The term "systems biology" has always been one of the amorphous buzz word categories that could be applied to just about anything, in my mind. For the longest time, I had no sweet clue what it actually meant, never meant anyone who could succinctly define it or knew who would raise their hand if you yelled out at a meeting "WHO HERE IS A SYSTEMS BIOLOGIST?" Imagine my surprise then when I recently came to the realization that if you ask nine colleagues and none of them are systems biologists, the systems biologist in the room must be you... er me.
I can't figure out if I'm an idiot for not knowing the broad category that some of research can be classified as or if NSF pulled some ninja shit on me and threw a box over my head when I was looking the other way. Part of the problem is that much of what we do doesn't fit neatly into one category, but instead leaves a smear through a neat classification scheme like a slug in an immaculate garden. I've written a bit about the kinds of research done in my lab, but we more chase down questions using whatever (usually obscure) organism(s) we think will be most suitable. I guess that means we work with "systems", but I never meant to, I swear. Well, I guess it's good to know that I should stop rolling my eyes every time I see a systems biology conference ad.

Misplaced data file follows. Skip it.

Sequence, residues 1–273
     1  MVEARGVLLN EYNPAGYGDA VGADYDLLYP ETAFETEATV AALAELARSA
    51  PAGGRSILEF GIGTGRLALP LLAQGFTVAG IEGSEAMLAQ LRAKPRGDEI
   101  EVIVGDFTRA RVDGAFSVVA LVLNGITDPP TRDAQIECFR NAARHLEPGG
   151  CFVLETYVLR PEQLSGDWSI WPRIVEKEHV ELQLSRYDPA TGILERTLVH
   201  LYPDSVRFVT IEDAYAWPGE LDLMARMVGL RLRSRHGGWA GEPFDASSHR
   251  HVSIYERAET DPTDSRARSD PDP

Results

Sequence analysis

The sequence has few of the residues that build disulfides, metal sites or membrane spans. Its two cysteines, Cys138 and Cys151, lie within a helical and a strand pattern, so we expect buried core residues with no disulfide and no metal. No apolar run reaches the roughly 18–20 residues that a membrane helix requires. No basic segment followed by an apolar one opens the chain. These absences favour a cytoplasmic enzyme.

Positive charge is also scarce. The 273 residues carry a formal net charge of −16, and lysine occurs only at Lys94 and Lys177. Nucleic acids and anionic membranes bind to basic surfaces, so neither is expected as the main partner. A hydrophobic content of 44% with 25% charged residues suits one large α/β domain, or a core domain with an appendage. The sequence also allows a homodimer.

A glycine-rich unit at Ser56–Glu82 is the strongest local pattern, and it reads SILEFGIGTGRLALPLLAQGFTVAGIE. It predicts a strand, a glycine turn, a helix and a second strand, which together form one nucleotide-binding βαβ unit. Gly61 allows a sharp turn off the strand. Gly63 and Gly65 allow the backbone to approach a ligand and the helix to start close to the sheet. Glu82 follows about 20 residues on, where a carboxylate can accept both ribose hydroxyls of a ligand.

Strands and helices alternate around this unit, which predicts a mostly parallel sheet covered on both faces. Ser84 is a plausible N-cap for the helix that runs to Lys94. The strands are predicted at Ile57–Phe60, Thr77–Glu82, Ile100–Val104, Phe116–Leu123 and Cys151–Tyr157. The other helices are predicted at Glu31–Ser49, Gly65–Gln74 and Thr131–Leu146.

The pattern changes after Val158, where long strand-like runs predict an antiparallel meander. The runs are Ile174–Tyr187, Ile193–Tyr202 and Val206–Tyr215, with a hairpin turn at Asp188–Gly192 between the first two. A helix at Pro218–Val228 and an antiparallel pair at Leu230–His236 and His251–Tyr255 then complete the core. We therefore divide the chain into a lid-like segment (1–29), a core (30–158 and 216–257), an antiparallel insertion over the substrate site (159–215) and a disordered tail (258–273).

2 hours ago